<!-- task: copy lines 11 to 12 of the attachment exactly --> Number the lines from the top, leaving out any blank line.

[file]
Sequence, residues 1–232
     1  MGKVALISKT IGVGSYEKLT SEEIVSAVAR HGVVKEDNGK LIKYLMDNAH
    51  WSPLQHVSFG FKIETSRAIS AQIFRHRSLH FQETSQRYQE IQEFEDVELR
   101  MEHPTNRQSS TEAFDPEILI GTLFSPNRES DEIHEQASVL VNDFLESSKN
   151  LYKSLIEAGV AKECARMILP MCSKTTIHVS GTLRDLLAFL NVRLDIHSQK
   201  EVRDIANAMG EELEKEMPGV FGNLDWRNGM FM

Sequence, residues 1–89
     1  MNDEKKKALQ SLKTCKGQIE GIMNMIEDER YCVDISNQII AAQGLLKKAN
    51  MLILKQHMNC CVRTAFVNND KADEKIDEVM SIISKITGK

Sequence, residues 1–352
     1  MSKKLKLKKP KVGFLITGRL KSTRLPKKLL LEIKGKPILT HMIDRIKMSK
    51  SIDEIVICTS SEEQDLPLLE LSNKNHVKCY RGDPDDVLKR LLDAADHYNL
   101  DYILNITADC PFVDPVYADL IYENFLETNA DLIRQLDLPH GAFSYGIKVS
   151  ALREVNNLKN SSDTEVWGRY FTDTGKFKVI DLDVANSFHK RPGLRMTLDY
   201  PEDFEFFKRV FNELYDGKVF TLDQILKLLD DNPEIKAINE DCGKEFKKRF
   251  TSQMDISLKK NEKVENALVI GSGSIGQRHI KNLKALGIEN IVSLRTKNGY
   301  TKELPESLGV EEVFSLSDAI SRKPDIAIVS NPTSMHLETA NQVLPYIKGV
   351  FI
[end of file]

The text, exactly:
     1  MSKKLKLKKP KVGFLITGRL KSTRLPKKLL LEIKGKPILT HMIDRIKMSK
    51  SIDEIVICTS SEEQDLPLLE LSNKNHVKCY RGDPDDVLKR LLDAADHYNL